Thursday, April 28, 2005
From my friend Kim
I am sending a petition being circulated by homeless and non-homeless activists throughout Japan - to protest Tokyo's recent move to “cleanse” parks of homeless persons who stay there. Please see the translation of the original Japanese text below for our collective stance. The ability of homeless persons to collectivize and create safe communities in public parks up till now has been an immeasurable resource for both their own physical and mental health as well as their capacity to reach out to others (and organize!). Should the ordinance (see below) pass, the city of Tokyo will be setting dangerous precedents.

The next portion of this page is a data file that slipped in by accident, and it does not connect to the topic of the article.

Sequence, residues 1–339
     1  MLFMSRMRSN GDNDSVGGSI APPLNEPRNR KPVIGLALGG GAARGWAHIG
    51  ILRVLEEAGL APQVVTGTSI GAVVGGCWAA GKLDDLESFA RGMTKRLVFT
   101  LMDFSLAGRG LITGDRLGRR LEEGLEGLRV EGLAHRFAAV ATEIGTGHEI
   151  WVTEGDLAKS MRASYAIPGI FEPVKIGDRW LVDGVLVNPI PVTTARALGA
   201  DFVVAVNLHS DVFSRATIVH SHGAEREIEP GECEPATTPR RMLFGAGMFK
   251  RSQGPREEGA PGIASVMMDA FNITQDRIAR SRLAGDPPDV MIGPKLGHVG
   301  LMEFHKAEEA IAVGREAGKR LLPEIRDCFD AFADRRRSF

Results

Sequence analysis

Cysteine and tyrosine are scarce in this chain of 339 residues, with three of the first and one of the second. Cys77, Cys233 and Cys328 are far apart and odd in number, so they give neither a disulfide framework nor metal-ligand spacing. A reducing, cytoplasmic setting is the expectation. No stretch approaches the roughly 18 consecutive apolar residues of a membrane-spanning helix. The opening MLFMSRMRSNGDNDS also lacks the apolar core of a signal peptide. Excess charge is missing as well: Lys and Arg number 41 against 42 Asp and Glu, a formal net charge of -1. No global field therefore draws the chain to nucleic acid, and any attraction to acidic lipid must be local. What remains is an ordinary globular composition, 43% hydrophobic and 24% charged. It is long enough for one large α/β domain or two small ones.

First, if we allow the existence of tents (and their residents) to be debated as a problem solve-able by banning “offensive”people/matter from park environments, public discourse will increasingly be diverted to valuing the health of “parks” and “public properties” over that of fellow citizens.
Secondly, superficial benefits to “having nice public spaces”will lead to a chain reaction of prohibition ordinances across Japan, thus seriously threatening the lives of thousands of men and women who may ultimately be forced to live fluidly on the streets.
I ask for any and all organizations and individuals concerned with this issue to contact me (email@example.com) as soon as possible with your name(s) so that I may add them to the petition; we will be using it for active lobbying in the local and national Diets, as well as for campaigns to stir greater public understanding. Please feel free to contact me with any questions as well.
PS see the original Japanese version at:
HELP US FIGHT city ordinances shutting the homeless out of public parks!
Staying in parks MUST NOT be made illegal!